Why Blazers’ Okumu ditched football boots for glory in hockey

USIU A's Phanny Teka (left) and Maureen Okumu of Telkom Kenya during Astro Turf tourney match at Sikh Union Club, Nairobi. Telkom beat USIU A 2-1 in the final period. [Jonah Onyango, Standard]

Her ability to run incredibly fast has seen her likened to speedy cartoon character Roadrunner

Former Sinyolo Girls student believes her club has what it takes to recapture the continental crown and continue ruling Africa.

She torments defenders and one needs a special pair of legs to keep up with her pace and contain her.

Christened Roadrunner, Blazers’ and national team forward Maureen Okumu is a pain in the neck of rival clubs in the Kenya Hockey Union women’s Premier League.

Those who grew up when Looney Tunes were every child’s favourite cartoon series are nostalgic about two characters: Roadrunner and Coyote.

It was indeed an interesting time to grow up! Those who had the luxury of owning a television set called the shots while others gave in to all of their demands so they could put in a good word for them so their parents could allow them to watch Roadrunner torture his nemesis Coyote.  

It is Okumu’s ability to run incredibly fast, covering the entire pitch in a very short time has seen her likened to speedy Roadrunner who made Coyote miserable by subjecting him to countless disasters as he often fell in his own traps.  Speed coupled with her enviable hockey prowess has set her above others.

Not even the Covid-19 pandemic that has brought almost to a standstill every activity can stop Okumu from working on her speed. She wakes up early and is ready for her morning run by the break of the overnight curfew.

“I must workout everyday and my day starts with running because I have to ensure that I keep fit and can still run fast because speed is my biggest strength. I run about five kilometers each morning for five days a week,” she said.

Okumu began playing hockey after joining Lwak Girls High School in 2011. Then, a promising footballer, she looked forward to success in football beyond secondary school. However, destiny had other plans for her as Lwak Girls hockey coach Elias Okal saw her play football and was impressed with her speed.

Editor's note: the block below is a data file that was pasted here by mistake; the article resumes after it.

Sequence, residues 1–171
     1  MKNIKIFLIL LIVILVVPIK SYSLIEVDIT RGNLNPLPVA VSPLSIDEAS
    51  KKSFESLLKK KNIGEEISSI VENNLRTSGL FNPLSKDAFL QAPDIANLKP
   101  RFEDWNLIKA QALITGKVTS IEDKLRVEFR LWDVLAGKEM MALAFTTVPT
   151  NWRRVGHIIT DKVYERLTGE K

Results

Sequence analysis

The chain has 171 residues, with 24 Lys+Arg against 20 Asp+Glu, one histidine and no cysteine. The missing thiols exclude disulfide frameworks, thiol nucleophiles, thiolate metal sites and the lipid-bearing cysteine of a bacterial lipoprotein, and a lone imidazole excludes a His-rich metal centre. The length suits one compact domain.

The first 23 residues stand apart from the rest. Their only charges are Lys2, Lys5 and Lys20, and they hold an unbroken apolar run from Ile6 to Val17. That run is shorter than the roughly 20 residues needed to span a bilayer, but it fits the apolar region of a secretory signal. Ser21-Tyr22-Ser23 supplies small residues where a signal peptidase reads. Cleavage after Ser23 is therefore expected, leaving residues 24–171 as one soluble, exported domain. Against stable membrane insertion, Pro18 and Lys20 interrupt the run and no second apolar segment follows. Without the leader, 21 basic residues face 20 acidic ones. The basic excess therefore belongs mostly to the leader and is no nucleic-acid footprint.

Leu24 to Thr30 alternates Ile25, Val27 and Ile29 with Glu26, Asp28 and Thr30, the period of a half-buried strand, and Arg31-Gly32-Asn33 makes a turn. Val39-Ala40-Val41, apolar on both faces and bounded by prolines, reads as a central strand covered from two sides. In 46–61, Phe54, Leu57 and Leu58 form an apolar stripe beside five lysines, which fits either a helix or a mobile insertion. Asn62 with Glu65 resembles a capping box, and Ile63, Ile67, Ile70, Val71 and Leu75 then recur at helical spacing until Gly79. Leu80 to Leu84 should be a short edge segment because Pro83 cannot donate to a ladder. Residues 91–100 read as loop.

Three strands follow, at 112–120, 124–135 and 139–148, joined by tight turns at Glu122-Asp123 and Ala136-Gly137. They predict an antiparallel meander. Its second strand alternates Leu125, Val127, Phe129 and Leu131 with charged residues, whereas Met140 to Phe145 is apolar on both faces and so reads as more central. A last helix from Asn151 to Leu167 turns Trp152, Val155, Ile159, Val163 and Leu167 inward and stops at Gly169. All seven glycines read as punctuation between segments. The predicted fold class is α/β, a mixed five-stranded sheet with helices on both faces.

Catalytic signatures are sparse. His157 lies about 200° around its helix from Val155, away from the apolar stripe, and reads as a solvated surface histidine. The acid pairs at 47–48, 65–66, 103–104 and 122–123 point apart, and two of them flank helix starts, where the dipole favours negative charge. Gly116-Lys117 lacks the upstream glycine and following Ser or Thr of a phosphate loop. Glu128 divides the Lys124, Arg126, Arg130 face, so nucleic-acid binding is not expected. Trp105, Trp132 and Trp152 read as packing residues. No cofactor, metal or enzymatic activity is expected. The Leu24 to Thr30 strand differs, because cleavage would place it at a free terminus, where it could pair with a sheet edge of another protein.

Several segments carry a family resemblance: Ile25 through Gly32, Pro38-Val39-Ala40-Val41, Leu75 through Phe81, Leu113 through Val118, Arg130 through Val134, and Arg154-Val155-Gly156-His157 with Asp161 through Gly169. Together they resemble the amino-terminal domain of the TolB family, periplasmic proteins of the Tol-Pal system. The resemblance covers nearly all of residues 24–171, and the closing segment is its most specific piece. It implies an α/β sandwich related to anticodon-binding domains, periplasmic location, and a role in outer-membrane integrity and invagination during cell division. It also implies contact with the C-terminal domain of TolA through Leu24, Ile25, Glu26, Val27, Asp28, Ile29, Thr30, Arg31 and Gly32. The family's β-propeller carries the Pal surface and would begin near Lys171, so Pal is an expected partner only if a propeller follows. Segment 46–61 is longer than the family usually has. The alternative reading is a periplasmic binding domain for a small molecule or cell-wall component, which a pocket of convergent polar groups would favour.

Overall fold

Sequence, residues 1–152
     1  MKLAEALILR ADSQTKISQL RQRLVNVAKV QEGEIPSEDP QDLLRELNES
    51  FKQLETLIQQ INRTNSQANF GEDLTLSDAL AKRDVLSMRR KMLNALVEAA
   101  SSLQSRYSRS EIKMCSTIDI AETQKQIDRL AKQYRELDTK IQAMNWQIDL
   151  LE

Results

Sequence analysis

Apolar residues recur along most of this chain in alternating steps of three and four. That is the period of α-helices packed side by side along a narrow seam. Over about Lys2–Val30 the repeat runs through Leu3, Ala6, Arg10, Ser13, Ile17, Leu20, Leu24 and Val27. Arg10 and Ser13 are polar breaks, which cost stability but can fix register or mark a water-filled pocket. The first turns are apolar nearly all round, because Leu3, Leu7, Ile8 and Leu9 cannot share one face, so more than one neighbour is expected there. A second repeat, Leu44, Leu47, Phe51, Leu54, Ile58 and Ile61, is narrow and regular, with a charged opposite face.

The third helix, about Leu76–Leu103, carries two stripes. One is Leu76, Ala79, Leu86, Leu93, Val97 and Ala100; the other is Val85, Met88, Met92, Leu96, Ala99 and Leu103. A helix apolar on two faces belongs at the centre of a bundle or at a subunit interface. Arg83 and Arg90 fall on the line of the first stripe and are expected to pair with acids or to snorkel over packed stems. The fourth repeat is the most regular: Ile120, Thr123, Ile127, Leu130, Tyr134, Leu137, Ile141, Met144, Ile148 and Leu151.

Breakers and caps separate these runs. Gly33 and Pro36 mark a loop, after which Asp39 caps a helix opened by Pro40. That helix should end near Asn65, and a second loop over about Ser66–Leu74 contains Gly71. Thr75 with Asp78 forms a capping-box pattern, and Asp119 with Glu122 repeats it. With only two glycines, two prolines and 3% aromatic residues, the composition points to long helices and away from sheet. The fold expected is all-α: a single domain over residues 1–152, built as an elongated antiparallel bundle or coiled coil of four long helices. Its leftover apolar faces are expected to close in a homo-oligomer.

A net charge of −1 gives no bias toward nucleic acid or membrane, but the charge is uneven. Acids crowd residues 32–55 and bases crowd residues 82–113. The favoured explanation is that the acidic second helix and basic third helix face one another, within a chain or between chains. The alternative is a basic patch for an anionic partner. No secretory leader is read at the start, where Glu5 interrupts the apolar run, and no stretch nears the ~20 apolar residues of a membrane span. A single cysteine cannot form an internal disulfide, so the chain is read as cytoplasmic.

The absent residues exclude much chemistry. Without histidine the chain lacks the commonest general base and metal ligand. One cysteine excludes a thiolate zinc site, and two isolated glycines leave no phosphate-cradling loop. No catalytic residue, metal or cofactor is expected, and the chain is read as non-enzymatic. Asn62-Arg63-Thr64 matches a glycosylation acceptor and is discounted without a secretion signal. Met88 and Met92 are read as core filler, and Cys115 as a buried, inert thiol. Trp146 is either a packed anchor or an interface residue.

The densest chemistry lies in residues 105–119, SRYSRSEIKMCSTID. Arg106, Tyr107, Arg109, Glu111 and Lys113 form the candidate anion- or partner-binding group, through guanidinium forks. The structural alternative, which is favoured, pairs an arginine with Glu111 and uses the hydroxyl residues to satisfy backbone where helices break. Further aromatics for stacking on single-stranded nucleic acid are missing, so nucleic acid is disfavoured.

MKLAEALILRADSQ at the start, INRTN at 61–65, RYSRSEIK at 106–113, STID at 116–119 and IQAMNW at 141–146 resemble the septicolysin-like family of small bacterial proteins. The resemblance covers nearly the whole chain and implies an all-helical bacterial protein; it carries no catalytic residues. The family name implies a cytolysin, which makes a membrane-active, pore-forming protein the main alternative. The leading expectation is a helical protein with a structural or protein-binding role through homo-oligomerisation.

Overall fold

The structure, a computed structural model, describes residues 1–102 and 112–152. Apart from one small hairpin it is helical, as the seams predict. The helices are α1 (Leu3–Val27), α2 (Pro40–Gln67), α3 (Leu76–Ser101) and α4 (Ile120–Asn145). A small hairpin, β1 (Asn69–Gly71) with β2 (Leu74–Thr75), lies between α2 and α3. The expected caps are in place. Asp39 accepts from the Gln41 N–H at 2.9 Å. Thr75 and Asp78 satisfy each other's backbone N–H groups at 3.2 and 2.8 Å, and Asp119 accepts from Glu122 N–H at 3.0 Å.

“Mr Okal invited me to the hockey training and after a session with the team, he told me to never return to the football pitch. He made sure that I had everything I needed to play hockey. He gave me shoes, socks and a hockey stick, he also came to class every games time so he could encourage me as we walked to the training ground,” Okumu said.

She learned basic hockey skills with the 2009 national schools champions before transferring to Sinyolo Girls while in Form Two in 2012.

“I had made it to the first team and I was impressive during the Nyanza Province games so I caught the eye of Booker Odhiambo, a teacher and coach at Kisumu Day who facilitated my move to Sinyolo,” she said.

It was at Sinyolo that she tasted victory in 2013 when the school won both the national and East Africa Secondary Schools Games titles and since then, she has been winning titles every year.

“When I transferred to Sinyolo, I blended in immediately with other players because we were familiar with each other having met during the previous events. My teammates like Gilly Okumu, who currently plays for Strathmore, were also hungry for trophies and we formed a formidable side and dominated our opponents.”

Okumu would lead her charges to their second East Africa title the following year despite relinquishing the national crown to St John’s Kaloleni. After school, Okumu signed for the-then Africa champions Telkom Orange that re-branded to Blazers last year.

“I was scouted by coach Josephine Ataro at the school games and was given a chance in the club after school, but I started training with the team in 2015. Since then, I have always been in the first 11 and only missed one match due to card suspension.”

She made the best of every opportunity given to her by the club and even scored in her first international game for Blazers during the 2015 Africa Cup of Club Championships (ACCC) held in Lusaka, Zambia.

Okumu was on a successful outing bagging her first continental gold medal at club level the same year. She has won three Africa and five Premier League gongs and says her side would have successfully defended the ACCC trophy last year had they travelled to Egypt for the annual tournament.

“We lost our title without a fight but I’m convinced that we are the best club in Africa. I believe that after we overcome the financial hardships we are currently facing, we will reclaim our trophy,” she added.

The rain started beating the 10-time Africa champions when Telkom withdrew their sponsorship mid last season. Okumu, who is pursuing a degree in education at Kenyatta University was hit hard by the withdrawal and was forced to defer her studies.

“I depended on my allowances to pay fees and upkeep but without sponsorship, I had to defer my studies.”

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